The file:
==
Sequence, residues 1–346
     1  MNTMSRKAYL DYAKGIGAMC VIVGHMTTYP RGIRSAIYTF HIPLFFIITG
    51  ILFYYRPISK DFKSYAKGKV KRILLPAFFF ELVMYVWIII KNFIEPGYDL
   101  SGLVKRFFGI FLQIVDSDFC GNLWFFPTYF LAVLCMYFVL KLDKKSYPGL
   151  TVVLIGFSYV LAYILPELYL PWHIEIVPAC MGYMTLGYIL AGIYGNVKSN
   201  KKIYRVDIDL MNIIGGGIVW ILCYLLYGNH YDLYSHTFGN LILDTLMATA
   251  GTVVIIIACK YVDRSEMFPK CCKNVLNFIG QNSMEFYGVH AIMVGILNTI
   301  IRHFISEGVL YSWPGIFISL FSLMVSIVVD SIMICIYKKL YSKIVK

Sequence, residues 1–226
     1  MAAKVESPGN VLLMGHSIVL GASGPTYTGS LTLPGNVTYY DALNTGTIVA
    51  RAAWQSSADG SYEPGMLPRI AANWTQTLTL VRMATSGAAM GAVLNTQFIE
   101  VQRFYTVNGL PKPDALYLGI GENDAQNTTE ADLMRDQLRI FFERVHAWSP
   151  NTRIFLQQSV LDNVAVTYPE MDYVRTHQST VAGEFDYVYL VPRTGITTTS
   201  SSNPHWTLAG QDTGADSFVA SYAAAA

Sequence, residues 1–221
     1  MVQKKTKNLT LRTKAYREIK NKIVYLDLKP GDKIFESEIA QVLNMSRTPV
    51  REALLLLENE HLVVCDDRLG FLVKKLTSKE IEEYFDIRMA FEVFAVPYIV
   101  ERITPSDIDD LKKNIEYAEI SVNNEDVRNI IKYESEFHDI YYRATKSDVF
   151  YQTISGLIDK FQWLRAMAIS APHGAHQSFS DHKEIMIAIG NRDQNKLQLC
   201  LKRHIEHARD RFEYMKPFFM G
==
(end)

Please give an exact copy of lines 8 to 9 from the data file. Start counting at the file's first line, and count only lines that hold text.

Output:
   301  IRHFISEGVL YSWPGIFISL FSLMVSIVVD SIMICIYKKL YSKIVK

Sequence, residues 1–226